Muxlow concluded by saying, “Members do a lot of things for the people back home throughout the year. Going part-time does not seem real sensible to me.”

Senator Phil Pavlov is in his second and final four-year term in the Michigan Senate because of term limits. Prior to that he served three two-year terms in the state House of Representatives.

Pavlov, whose 25th District includes Sanilac County, told the News, “I think part-time legislature could work. But I wouldn’t support it if it shifted more power to the executive branch, which typically happens in those situations.

“The balance of power and checks and balances are very important and must stay in place,” said Pavlov. “The legislative branch is the people’s voice. I wouldn’t support anything that weakens the people’s voice.

“I’m always willing to talk about government reform and improvement, but I don’t know that a part-time legislature does this. I believe it’s a political gimmick.”

Pavlov also said, “It’s a fallacy to believe that people could just go and come back to their jobs after serving 90 days straight in Lansing. I couldn’t have done that.”

The idea of Michigan having a parttime legislature is nothing new to first-term state Representative Shane Hernandez.

He told the News, “I’ve supported it for a long time. I campaigned on it. And from what I have seen in the five months that I’ve been serving there, I have been confirmed in my opinion.”

Hernandez, a Port Huron Republican, was elected in November 2016 to represent the 83rd District which includes Sanilac County.

“This job was not meant to be a career,” said Hernandez, who grew up in Croswell.

“I believe a part-time legislature meeting for 90 consecutive days would force us to prioritize what we do. There is so much wasted time. As it stands now, a member can introduce a bill at any time. Most of those bills don’t address the major issues confronting the people we represent. Yet we spend a lot of time on them.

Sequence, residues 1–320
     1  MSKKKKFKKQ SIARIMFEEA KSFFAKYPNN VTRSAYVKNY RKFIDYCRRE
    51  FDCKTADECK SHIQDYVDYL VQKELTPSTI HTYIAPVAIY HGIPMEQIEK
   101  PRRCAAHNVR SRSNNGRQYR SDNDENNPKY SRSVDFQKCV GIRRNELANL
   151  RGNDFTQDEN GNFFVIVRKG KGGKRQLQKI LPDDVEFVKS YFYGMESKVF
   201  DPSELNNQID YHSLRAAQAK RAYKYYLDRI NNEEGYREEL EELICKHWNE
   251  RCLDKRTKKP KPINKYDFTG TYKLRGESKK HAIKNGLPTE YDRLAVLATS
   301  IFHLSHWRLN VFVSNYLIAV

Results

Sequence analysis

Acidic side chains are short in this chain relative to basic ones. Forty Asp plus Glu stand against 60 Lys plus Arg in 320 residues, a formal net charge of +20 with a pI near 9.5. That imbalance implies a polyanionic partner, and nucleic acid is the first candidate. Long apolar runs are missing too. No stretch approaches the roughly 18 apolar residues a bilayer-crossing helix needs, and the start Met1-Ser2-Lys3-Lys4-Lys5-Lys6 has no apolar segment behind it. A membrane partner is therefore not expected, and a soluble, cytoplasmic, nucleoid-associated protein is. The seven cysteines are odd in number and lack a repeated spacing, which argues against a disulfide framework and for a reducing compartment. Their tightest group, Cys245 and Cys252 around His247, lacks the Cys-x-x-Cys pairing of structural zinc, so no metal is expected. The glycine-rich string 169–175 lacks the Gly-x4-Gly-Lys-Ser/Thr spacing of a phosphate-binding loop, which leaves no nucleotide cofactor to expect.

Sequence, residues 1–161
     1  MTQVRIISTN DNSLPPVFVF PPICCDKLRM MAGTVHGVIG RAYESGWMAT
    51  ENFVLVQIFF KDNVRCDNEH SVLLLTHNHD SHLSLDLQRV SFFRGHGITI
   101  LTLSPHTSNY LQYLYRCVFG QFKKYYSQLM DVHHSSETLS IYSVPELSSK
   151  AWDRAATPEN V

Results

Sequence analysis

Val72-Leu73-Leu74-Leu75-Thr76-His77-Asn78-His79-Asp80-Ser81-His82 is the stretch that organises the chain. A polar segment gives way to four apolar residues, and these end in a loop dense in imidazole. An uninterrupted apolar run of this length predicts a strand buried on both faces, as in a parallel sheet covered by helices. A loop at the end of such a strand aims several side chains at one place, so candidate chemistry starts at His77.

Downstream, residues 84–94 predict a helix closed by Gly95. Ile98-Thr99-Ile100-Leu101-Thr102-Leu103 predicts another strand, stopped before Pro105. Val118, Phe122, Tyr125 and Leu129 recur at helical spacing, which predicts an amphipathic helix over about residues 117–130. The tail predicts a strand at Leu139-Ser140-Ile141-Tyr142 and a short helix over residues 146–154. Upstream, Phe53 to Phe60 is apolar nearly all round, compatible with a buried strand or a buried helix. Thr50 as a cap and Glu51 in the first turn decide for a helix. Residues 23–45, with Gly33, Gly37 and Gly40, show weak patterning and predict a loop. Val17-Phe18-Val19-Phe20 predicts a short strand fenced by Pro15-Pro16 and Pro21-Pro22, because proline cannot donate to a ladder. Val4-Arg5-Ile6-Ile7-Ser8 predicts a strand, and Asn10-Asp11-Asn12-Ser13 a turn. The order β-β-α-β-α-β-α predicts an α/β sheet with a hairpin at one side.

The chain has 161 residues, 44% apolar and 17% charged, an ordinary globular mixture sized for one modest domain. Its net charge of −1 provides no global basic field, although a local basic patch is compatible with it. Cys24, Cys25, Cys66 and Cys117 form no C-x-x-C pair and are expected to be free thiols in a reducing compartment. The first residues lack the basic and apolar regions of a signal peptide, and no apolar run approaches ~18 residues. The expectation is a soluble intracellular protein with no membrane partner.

“Now, we meet from about January to June and from September to December about three days a week,” said Hernandez. “From what I have learned, most years we are not in session for 90 days. That means we are already parttime.”

The legislative calendar shows that in 2014 the House met for 88 days and the Senate met for 87 days. In 2015 the House met for 105 days and the Senate convened for 113 days. In 2016 the House met for 80 days and the Senate met for 83 days. The 2017 calendar schedules 101 days.

The typical worker laboring 5 days a week for 50 weeks (assuming a two-week vacation) works 246 days per year.

When asked about all the extra time required to take care of the people back home, Hernandez said, “It is at home in the district where you see the people. With more time in the district, I feel I can do constituent service better than now. We could leave a year-round staff in Lansing.”

Hernandez did not see a problem with a potential restriction of who could run for office, saying, “Depending on the time of year the 90 days is scheduled, many farmers could likely get away to serve, as well as small business owners and professional people.

“Ninety consecutive days would likely be less disruptive to their work lives than the way we do things now.”

Commenting on the idea that a parttime legislature would abandon Lansing to the lobbyists, Hernandez stated, “If that were so, why am I being urged so hard by lobbyists to oppose a part-time legislature?”